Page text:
Well, in a field, division by zero cannot be defined for any dividend other than zero. If we let x != 0 and define division of x by zero, 0 * (x / 0) is zero by definition of zero but is x by definition of division, meaning x = 0, which contradicts our assumption that x != 0. Therefore, either x / 0 must be left undefined, or our system of arithmetic must not be a field. If I'm not mistaken, the transreal numbers do define x / 0 in this case, so it's not a field. However, defining only the division 0 / 0 may lead to something interesting; I'll investigate. --Ihope127 22:39, 22 December 2006 (UTC)
Actually, it seems that the definition of a field doesn't even include a division operation. It does, however, include a reciprocal operation, so 0 / 0 would be defined as 0 times the reciprocal of 0. That means defining 0 / 0 means defining the reciprocal of 0. Now, as I said above, zero times anything is zero, but anything times its reciprocal is one, so zero times its reciprocal is both zero and one, something explicitly prohibited by the definition of a field. Therefore, the transreal numbers are not a field. —The preceding unsigned comment was added by Ihope127 (talkcontribs) 22:49, 22 December 2006 (UTC).
I think the most fruitful way to think of trransreals is to go back to the earlier papers. It seem like the idea of transreals grew from considering homeogeneous coordinates, (x,y) with the equivilence relation (a x,a y) = (x,y) for non zero a. Traditionally the zero element (0,0) is excluded for the set, but you could define a set formally. In this setting it make more sense to talk of infinite values (x,0) and nullality (0,0). If your working in this set then things seem more natural.
Indeed your right, pretty much by definition you can't define 0/0 in a field. Fields are not closed under division (or recriprocal). I've a feeling problems stem from the fact that a field is an odd sort of Algebraic structure in the sense of universal algbra.
I'm also curious about the perspex machine, if you strip away the transreal and turing machine stuff do you get a novel sort of neural network? --Salix alba (talk) 00:31, 23 December 2006 (UTC)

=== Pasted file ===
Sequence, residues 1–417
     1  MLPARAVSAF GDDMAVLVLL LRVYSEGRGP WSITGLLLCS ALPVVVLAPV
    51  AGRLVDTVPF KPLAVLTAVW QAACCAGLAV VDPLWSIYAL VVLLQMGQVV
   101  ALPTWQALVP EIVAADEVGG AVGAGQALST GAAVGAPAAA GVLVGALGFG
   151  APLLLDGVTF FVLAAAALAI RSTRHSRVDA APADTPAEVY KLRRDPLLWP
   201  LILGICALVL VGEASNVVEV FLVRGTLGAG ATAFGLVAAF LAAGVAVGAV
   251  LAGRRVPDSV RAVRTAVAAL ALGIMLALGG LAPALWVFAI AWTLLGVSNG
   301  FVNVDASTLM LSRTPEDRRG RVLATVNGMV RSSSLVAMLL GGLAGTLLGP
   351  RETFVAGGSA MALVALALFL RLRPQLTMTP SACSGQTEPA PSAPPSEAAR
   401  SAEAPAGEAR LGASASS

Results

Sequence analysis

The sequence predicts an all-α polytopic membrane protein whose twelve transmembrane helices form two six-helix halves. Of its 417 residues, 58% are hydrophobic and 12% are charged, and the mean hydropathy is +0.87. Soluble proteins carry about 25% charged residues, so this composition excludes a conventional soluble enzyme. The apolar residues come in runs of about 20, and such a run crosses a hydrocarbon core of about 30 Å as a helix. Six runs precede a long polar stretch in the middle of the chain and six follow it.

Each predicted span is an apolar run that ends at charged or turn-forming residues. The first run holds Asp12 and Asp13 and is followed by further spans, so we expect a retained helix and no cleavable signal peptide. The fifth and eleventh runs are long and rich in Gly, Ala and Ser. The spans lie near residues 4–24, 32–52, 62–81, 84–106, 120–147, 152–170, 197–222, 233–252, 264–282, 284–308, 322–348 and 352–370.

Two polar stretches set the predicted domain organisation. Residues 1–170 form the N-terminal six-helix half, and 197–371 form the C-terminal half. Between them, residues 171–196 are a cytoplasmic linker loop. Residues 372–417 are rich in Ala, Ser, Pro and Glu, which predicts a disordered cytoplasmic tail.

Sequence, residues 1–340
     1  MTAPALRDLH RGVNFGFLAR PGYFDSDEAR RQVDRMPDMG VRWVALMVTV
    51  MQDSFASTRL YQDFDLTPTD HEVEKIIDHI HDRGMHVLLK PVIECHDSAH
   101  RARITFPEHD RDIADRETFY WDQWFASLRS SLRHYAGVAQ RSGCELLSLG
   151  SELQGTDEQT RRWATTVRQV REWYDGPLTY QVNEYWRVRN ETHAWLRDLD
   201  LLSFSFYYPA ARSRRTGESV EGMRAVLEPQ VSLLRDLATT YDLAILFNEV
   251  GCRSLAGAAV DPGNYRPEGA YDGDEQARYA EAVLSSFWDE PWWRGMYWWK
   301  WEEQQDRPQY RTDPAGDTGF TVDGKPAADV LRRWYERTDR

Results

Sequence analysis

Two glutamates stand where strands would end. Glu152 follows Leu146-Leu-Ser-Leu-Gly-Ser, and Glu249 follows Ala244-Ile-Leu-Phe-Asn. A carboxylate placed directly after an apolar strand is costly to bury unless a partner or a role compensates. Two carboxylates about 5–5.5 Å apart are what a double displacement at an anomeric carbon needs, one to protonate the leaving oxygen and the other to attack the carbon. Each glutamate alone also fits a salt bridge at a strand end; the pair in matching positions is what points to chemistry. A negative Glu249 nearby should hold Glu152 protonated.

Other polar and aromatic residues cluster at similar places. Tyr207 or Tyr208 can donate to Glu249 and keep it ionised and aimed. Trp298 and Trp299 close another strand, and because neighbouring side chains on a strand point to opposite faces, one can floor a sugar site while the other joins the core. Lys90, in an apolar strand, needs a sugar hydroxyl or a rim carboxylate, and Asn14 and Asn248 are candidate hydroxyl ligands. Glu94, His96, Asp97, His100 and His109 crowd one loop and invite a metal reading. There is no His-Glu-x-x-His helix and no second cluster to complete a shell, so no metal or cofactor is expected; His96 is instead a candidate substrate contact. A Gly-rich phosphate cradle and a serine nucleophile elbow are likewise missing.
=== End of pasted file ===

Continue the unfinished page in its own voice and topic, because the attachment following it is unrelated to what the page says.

Please remember our Wikipedia:No original research policy. Wikipedia is not the place for directly interviewing the article's subject about material that no secondary source has addressed. If you want to interview Anderson, request that Wikinews set one up. Uncle G 06:40, 31 December 2006 (UTC)

Talk:Transreal number merged here[edit]

I am merging the content of the above talk page here, since the content is already merged. Somebody may consider removing that talk page later. AbelCheung 23:31, 5 January 2007 (UTC)

BBC Q&A Session on Dec 12, 2006[edit]

from the same page the bbc article is at:

Given the, er, light-hearted mathematical debate Dr Anderson's theory has generated, we're delighted to announce he will join us on Tuesday 12 December to answer questions and discuss some of the criticisms levelled against his theory of nullity. You will be able to hear in more detail from Dr Anderson on this page later on Tuesday. Many thanks for your comments.

update: [3]

Maybe some people on here will try to ask him to clear some stuff up for them. Make sure you visit the BBC site on tuesday if you're interested. fintler 23:59, 11 December 2006 (UTC)

axioms of the transreal numbers[edit]

okay, my formal training in mathematics is limited, but can anyone see a reason that the axioms would not be attackable by the standard problem with resolving division by zero to signed infinity?

namely, if 1/0= then:

= 1/0 = 1/(-1 * 0) = -1 * (1/0) = -1 * = -

it looks to me like all of those steps are legit within his axioms (he preserves commutativity and allows multiplication of infinity by negatives to produce negative infinity). yet, this also contradicts his definition of  != -

any takers? --Frank duff 17:43, 7 December 2006 (UTC)

I agree with you. as a “transreal number” is exactly the same as and has nothing to do with as in the limit value. This article needs heavy justification. In fact no longer equals with the set of axioms given in the paper. Sam Hocevar 18:13, 7 December 2006 (UTC)
really? it seems to me that given associativity [A12], commutativity [A13] and his definition of division [A17], then must equal . i have to admit though, it's been a long time since i did this sort of proof from axiom. --Frank duff 18:30, 7 December 2006 (UTC)
For this to work I think you need to prove that 88.108.28.16 18:38, 7 December 2006 (UTC)

This looks fine to me. You have to remember that he is a computer scientist. What he has defined could be implemented as a system of computer arithmetic that would be more robust than the standard one. However I doubt very much if it is novel. 88.108.28.16 18:14, 7 December 2006 (UTC)

I just found a variation of the above counterclaim that looks more difficult to dispute. Since James defines division as reciprocal, i.e. , he gives this example in his own paper:

If the following identity is true:

Then we have

This also gives the conclusion that +∞ = -∞. Actually, in James' paper (please refer to James Anderson (computer scientist), 9th item in the References section), I fail to notice him giving any formal dispute of this dilemma, other than a simple sentence: "Why represent it this way?" AbelCheung 18:55, 5 January 2007 (UTC)

Just noticed, James has covered a bit about this himself. His PerspexMachineVIII.pdf [T81] says, for many cases of a, b, but not when one of them is zero and another is negative number. This means , and implies . Yet fractions like can be conveniently used. Funny.
AbelCheung 02:53, 6 January 2007 (UTC)

Hoax warning[edit]

This cannot be anything else than a hoax. There are so many problems with the article ( makes no sense, nor does having two different and values) that anyone remotely skilled in math can spot that it should really be removed before Wikipedia makes a fool of itself. Sam Hocevar 17:50, 7 December 2006 (UTC)